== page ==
A living trust and a will might seem similar in the way they work, but they’re actually quite different. A will tells everyone how you want the stuff you own to be treated after you die. A living trust holds your assets while you’re still living.

There’s more. A living trust never becomes a public document like a will does after you die. So, if you want to keep everything private, a living trust protects that information, even after you’re gone. It can also help you skip out on probate costs. Any property given through a will has to go through probate, but not if it’s given through a trust!

Keep in mind, though: A living trust can’t name a guardian for your minor children (aka someone who will look after them if you die). Only a will can do that.

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3. Why Do I Need a Will?

You might think you don’t need a will because you aren’t a millionaire, aren’t sitting on a massive piece of land, or don’t have family members who are vultures and want to claw their way into your estate. But guess what? You need a will, no matter who you are.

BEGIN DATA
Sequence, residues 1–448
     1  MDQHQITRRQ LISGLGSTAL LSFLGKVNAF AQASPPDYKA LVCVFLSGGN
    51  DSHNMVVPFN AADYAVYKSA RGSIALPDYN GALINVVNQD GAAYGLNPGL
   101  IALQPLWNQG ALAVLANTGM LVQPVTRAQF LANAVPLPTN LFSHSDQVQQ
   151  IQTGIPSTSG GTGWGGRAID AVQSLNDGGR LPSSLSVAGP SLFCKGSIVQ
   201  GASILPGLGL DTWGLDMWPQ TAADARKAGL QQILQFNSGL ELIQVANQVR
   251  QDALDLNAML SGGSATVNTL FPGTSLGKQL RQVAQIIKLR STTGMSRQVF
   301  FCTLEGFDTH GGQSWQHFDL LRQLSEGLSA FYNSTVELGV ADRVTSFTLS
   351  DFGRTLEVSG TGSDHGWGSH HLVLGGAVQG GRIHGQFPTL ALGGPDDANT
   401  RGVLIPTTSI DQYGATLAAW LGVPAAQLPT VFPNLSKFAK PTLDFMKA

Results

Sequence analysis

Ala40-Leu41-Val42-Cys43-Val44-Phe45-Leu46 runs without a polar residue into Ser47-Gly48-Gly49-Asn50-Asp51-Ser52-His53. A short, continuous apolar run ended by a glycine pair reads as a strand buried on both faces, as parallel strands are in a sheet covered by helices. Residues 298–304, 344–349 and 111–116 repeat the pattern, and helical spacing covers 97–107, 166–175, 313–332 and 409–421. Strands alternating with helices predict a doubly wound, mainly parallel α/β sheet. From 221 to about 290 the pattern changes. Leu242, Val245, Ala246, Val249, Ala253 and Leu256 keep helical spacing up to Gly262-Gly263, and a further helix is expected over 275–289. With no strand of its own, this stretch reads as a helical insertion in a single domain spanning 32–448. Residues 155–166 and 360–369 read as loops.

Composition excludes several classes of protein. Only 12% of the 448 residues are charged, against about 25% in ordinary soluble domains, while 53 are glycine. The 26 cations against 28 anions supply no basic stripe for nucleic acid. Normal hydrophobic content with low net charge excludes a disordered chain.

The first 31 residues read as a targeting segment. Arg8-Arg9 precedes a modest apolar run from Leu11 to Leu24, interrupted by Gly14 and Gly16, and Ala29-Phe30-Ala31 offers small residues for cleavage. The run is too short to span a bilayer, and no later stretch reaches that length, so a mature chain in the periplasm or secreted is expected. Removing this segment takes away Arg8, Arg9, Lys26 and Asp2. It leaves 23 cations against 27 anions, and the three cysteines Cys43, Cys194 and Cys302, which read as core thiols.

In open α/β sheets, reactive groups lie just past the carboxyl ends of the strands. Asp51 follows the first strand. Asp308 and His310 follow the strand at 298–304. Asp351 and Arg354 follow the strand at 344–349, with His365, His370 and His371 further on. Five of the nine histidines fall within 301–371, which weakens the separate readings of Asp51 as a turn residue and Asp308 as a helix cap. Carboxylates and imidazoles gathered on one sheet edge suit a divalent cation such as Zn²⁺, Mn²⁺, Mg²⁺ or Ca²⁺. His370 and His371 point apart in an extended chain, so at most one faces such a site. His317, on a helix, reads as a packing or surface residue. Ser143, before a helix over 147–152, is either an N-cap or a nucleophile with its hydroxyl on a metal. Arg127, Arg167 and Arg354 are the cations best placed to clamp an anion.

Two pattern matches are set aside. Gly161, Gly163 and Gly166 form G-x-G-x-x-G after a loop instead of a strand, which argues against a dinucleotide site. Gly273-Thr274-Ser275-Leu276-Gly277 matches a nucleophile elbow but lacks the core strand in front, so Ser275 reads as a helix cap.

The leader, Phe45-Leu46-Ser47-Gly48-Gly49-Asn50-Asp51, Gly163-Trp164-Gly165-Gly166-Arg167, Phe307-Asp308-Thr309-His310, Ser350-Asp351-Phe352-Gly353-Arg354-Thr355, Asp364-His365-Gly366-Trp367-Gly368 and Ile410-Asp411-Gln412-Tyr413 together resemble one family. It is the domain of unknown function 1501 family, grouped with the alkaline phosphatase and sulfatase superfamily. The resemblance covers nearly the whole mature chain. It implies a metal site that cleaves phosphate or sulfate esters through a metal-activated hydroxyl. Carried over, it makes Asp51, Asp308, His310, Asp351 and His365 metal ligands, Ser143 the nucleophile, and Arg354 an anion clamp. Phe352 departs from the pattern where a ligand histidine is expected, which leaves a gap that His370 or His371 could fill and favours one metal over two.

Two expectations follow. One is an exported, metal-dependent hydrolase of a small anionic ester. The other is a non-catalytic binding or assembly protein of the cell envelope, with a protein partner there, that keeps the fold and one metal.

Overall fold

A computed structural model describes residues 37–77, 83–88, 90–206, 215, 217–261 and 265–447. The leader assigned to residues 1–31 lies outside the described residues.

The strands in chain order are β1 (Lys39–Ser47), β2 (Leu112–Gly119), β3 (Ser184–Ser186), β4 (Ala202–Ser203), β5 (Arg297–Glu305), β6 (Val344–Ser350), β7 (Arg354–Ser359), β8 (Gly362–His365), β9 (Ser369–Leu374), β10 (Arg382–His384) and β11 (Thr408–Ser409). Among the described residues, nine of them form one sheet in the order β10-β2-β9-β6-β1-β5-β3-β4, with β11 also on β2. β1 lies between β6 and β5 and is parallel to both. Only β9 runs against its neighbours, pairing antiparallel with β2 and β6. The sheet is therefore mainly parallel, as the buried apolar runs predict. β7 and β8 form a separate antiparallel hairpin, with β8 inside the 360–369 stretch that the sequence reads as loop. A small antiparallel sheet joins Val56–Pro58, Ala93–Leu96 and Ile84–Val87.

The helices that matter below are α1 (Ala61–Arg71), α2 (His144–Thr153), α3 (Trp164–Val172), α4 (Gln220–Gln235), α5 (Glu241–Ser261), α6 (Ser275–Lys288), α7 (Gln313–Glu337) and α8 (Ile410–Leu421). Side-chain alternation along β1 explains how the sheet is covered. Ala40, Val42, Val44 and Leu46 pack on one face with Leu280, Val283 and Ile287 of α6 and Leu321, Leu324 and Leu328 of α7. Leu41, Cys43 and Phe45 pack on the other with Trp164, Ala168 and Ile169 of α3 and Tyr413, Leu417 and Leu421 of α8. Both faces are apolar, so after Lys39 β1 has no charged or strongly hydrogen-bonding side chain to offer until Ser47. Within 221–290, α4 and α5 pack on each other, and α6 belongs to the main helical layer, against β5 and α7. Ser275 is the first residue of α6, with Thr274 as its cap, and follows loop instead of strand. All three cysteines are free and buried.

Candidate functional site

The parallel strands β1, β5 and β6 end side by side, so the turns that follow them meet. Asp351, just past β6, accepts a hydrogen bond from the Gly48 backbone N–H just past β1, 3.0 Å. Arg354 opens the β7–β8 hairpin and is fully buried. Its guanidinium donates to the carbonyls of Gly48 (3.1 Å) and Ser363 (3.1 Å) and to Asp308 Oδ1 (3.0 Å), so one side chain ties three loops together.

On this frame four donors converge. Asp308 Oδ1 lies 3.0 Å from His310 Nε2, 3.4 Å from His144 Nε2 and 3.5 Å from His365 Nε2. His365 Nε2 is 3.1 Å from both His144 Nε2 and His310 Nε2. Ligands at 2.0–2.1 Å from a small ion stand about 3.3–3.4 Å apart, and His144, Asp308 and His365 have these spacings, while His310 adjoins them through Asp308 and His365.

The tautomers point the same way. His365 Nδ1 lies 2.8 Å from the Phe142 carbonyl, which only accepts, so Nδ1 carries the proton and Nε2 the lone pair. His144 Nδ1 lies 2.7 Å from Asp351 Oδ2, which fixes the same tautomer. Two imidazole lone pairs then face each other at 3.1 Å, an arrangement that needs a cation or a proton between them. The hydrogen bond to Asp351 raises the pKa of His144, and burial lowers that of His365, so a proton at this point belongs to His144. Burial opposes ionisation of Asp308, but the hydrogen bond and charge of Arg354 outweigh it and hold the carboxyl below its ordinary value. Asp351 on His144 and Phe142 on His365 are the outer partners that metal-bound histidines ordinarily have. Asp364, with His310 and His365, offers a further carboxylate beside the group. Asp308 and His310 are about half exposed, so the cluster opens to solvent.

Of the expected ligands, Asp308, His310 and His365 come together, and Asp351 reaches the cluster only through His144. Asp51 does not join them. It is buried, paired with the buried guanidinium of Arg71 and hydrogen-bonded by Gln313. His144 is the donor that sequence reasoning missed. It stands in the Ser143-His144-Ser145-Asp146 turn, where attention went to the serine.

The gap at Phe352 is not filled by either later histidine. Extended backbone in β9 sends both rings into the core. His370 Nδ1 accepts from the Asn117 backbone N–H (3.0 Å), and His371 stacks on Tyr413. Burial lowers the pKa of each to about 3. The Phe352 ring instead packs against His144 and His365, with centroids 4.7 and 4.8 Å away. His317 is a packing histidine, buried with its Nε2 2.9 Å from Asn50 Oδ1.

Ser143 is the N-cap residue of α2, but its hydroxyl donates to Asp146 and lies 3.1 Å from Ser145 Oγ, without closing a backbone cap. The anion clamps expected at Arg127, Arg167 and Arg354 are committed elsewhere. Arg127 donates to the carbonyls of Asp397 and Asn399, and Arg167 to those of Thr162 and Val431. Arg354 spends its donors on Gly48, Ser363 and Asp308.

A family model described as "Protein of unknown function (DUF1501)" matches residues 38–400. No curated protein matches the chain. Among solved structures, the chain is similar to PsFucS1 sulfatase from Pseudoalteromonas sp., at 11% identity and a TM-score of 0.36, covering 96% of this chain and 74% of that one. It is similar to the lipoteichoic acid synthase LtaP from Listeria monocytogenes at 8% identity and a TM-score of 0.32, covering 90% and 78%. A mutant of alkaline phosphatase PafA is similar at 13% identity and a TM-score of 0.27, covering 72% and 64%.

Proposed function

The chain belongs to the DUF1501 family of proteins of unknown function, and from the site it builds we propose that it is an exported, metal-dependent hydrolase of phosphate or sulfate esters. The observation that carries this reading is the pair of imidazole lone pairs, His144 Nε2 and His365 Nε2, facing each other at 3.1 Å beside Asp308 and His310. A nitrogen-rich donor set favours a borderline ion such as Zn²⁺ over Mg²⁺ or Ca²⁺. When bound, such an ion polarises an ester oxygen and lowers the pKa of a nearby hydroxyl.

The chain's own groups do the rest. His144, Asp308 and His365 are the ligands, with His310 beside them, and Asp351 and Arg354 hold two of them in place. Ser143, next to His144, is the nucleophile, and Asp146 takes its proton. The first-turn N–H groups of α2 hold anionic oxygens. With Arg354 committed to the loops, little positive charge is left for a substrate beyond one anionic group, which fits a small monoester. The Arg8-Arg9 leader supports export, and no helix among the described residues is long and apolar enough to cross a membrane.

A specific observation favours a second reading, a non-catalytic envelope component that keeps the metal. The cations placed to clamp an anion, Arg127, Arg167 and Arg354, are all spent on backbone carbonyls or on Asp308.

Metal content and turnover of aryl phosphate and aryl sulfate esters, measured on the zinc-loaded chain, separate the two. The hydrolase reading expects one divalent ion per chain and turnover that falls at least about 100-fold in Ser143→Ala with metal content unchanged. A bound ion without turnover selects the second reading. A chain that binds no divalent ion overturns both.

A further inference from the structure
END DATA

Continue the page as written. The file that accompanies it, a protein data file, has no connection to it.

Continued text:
And if you have children who are under 18, you really need a will. Your will is where you’ll have all the information about who their guardians will be. If you don’t make a will, who will take care of your kids if something happens to you and your spouse? Don’t leave a decision like that in the hands of anyone else but you (especially not the state!).

4. What if I Haven’t Had Kids Yet?

So, you think that since you don’t have kids yet, it’s not important to make a will? False. We just said it, but it’s worth repeating: Everybody needs a will! Even if it’s just you and your dog living in a one-bedroom apartment. Who would take Rover if something happened to you? And if you do have kids later on or a niece you adore, you can update your will to include them.

5. How Is a Will Executed?

This one’s easy. Executing a will is just the technical term for signing your will and making it legally binding.